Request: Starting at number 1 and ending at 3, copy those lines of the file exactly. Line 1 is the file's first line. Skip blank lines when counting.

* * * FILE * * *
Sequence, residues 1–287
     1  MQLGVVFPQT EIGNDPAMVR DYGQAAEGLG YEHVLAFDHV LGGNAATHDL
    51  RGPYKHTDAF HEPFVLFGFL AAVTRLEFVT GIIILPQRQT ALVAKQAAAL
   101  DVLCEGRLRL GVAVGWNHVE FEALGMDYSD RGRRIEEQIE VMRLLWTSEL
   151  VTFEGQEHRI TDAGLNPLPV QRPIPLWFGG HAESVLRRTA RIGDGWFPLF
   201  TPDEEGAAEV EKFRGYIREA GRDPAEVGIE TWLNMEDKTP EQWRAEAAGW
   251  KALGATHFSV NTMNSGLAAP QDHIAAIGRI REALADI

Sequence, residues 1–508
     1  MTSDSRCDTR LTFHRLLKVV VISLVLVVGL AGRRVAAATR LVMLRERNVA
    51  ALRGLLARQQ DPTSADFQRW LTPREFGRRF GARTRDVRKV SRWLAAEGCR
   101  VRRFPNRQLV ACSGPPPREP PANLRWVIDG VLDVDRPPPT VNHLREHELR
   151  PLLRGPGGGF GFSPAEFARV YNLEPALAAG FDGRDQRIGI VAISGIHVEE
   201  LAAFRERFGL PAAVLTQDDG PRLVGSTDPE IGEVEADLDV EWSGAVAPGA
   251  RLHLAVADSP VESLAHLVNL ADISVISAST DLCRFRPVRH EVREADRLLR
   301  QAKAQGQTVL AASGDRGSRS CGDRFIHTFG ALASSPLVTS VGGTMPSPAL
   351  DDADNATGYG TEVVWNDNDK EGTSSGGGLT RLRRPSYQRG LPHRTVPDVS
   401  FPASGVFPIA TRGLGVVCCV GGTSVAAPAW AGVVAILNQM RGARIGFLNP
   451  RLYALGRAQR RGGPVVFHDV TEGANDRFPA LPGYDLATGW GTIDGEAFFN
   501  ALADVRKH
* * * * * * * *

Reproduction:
Sequence, residues 1–287
     1  MQLGVVFPQT EIGNDPAMVR DYGQAAEGLG YEHVLAFDHV LGGNAATHDL
    51  RGPYKHTDAF HEPFVLFGFL AAVTRLEFVT GIIILPQRQT ALVAKQAAAL